It’s not supposed to work this way.
When Apple tells a developer to do something, they do it. There’s no way to make money on your terms within Cupertino’s walled garden of an App Store; if you rebel, your app gets kicked out.
Sometimes the company’s limitations can force positive change. When Apple asked game developers to put in loot box odds, they did it. Years of public concern over video games’ proximity to gambling didn’t push developers to add transparency as fast as a new guideline rule for the App Store did.
But quite often, Apple’s policies can be needlessly restrictive, both artistically and commercially. Despite years of criticism, the App Store — one of the biggest storefronts in the business — has a dearth of games about serious topics. Apple doesn’t like them, so they’re not on the platform, and that’s that.
On the App Store, Apple gets what Apple wants. So when Apple asks that developers fork over 30% of in-app purchases as a commission, everyone falls into line. If they don’t agree, like with Apple’s recent decision to keep Xbox streaming service xCloud off the App Store, they must take their toys to another playground.
What Apple says, goes. That is, until now.
Fortnite developer Epic Games surprised everyone on Thursday by attempting to circumvent Apple’s payment processing. The plan was to give players an additional purchasing option for its digital currency: Fans could either buy V-Bucks (Fortnite’s in-game currency) from Apple as usual, or they could choose to buy directly from Epic Games at a 20% discount, with every penny ending up in Epic Games’ pocket instead.
Hours later, Apple retaliated by taking down the ultra popular battle royale game from its platform. Epic, it seems, was expecting this move. Not only did Epic launch a Fortnite event to mock Apple, but the North Carolina-based company immediately filed a lawsuit against Apple, accusing the company of maintaining a monopoly on the iOS distribution market and payment processing.
Image: Epic Games
What happens next is anyone’s guess, though it will undoubtedly have a huge impact on the future of video games on the App Store. If Epic wins the fight, developers might have more leeway in determining Apple’s cut of in-app purchases is in the future, if not feel galvanized to rebel against its seemingly established rules. Epic appears committed to establishing a fairer game distribution market, leading by example by only taking a 12% cut from games sold on its Epic Games Store. Valve’s storefront, Steam, by contrast, asks for 30%, but the most successful games give Valve a 20% cut.
The whole situation might seem like an ambitious and risky swing to take at a company that’s infamous for not budging, but Epic is in fighting shape. Over the last few years, Epic has continually used its enormous size and influence to force hulking tech companies and marketplaces to bend in ways that seemed impossible until Epic entered the ring. As an example, for decades, major video game hardware makers all provided their own distinct ecosystems that did not overlap — if you had a PlayStation 4 game, you could only play with other PS4 players. The same was largely true for Nintendo and Microsoft, the other two video game hardware giants. As a result, players were often locked into playing on the same hardware as their friends and family.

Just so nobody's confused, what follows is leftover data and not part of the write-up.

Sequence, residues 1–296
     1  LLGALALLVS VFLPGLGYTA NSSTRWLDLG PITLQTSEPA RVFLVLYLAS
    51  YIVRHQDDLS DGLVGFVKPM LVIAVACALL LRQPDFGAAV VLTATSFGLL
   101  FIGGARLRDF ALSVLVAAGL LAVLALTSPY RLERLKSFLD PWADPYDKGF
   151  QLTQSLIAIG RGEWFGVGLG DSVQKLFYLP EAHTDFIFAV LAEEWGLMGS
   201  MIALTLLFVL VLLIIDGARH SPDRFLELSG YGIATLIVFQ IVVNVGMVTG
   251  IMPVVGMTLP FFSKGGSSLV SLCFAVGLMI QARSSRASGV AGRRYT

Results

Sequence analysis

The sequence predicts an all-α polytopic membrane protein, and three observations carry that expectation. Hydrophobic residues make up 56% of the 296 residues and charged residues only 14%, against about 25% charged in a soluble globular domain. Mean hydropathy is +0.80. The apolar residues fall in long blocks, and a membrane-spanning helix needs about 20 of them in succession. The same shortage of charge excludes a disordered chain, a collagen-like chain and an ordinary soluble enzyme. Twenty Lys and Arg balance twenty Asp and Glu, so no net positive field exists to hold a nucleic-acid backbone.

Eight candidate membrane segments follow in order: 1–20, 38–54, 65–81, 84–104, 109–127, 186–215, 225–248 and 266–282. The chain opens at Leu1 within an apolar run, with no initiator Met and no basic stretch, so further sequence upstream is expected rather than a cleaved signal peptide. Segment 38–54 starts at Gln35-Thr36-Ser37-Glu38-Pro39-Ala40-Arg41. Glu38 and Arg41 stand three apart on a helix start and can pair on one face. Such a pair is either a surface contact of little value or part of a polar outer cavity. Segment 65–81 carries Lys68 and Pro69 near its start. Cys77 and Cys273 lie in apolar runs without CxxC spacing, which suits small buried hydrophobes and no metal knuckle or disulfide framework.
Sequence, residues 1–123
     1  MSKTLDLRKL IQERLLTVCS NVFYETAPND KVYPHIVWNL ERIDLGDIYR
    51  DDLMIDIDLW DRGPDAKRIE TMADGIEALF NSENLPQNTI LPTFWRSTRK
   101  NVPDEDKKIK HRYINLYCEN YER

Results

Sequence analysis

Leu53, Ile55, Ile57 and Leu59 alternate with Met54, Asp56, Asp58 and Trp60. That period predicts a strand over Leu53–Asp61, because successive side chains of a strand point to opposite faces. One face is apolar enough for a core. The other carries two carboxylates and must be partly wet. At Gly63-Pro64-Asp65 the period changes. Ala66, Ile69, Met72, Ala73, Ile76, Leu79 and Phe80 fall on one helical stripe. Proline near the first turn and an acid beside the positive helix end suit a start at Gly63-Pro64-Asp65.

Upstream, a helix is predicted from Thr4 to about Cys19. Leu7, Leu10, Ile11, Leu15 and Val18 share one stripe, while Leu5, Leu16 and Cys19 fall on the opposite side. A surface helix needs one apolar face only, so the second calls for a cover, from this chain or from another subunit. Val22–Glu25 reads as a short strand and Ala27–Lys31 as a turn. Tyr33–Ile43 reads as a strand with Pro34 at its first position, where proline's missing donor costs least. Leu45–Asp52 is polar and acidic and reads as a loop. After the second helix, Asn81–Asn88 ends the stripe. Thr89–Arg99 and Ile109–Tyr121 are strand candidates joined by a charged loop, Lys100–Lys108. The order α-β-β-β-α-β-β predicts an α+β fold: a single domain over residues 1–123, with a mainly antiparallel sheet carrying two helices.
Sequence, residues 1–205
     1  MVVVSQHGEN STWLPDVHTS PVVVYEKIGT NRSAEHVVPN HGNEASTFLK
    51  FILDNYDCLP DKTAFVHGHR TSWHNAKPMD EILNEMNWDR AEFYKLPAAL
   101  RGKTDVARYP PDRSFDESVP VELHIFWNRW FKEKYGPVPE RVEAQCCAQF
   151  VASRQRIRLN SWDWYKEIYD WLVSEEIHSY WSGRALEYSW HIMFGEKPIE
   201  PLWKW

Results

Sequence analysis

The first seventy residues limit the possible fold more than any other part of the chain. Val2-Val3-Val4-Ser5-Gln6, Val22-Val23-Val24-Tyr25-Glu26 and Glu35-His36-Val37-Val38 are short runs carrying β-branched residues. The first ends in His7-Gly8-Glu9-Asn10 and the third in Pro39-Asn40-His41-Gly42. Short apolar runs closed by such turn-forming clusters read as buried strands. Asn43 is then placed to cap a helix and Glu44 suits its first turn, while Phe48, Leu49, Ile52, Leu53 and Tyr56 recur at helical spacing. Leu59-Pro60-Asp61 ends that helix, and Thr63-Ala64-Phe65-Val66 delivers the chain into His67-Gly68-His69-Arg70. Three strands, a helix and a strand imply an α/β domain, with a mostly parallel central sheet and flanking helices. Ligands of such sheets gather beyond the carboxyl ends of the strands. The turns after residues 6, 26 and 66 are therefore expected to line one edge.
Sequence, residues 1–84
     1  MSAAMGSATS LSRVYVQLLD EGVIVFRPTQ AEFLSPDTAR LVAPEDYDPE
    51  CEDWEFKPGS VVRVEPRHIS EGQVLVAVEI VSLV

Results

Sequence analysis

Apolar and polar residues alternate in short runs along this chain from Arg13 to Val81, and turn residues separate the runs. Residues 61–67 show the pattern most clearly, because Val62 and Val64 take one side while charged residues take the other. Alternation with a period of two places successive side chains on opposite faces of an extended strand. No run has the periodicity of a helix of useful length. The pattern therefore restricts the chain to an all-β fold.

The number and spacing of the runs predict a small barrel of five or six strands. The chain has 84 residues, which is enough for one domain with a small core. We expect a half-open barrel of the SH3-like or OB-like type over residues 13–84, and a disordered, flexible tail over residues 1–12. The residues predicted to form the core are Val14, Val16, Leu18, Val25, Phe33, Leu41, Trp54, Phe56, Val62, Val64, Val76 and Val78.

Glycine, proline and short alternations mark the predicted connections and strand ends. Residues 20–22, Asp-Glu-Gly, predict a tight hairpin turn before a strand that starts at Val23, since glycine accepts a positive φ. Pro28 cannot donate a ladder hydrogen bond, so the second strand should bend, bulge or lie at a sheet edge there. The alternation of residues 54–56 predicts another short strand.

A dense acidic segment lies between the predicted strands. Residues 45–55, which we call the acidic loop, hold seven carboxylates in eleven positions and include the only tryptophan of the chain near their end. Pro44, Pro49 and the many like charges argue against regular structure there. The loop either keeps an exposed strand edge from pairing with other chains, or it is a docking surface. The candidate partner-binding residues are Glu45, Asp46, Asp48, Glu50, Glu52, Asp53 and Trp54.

Then came Epic, forcing the issue. Infamously, Epic Games once “accidentally” allowed players on Xbox One and PlayStation 4 to play Fortnite with one another. It was a calculated move that suddenly had everyone thinking: If it’s this easy to let people come together across platforms, why in the world aren’t hardware makers letting us do it? Why do we have such arbitrary borders dictating who we can play with? It was only a matter of time before Sony, PlayStation, and Nintendo fans were all loading into the same Fortnite lobbies.
Fortnite also has the distinction of being the only game on the Nintendo Switch that allows you to use voice chat with a standard headset, without having to go through the Japanese company’s proprietary chat app. This may sound small, but Nintendo is probably the closest thing that video gaming has to an Apple — huge, monolithic, and endlessly stubborn. But when it comes to Fortnite — one of the most popular games on Earth — it’s very hard to say no.
But if you do say no? That’s OK. Epic can take it, as evidenced by Thursday’s sudden legal battle with Apple. Nothing is a given when you’ve got piles of money to burn, as Epic does. Spending money is a strategy that has worked wonders for them so far. When Steam, Valve’s digital storefront, seemed like an unstoppable monopoly in the realm of PC gaming, Epic Games simply started buying up exclusives and giving away games in droves every week. It didn’t matter that, arguably, the Epic Games Store wasn’t as fleshed out as what Valve offered, or that most of your friends were probably on Steam. Suddenly, not downloading the Epic Games launcher and enjoying its endless goodies seemed like a knuckle-headed move.
This is the danger that Apple now faces: If it doesn’t budge, Fortnite players might pick their things up and move to a platform that lets them play their favorite game. Fortnite just started a new season with all sorts of new features, like rideable cars. Every moment that passes will test a fan’s patience; already, there’s a hashtag full of fans who are bemoaning Fortnite’s iOS disappearance.
Epic, though? It’s valued at $17.3 billion and has plenty of partners on other platforms — along with its own storefront. The company can fight for however long Apple wants to stretch things out. And so far, Epic hasn’t lost.
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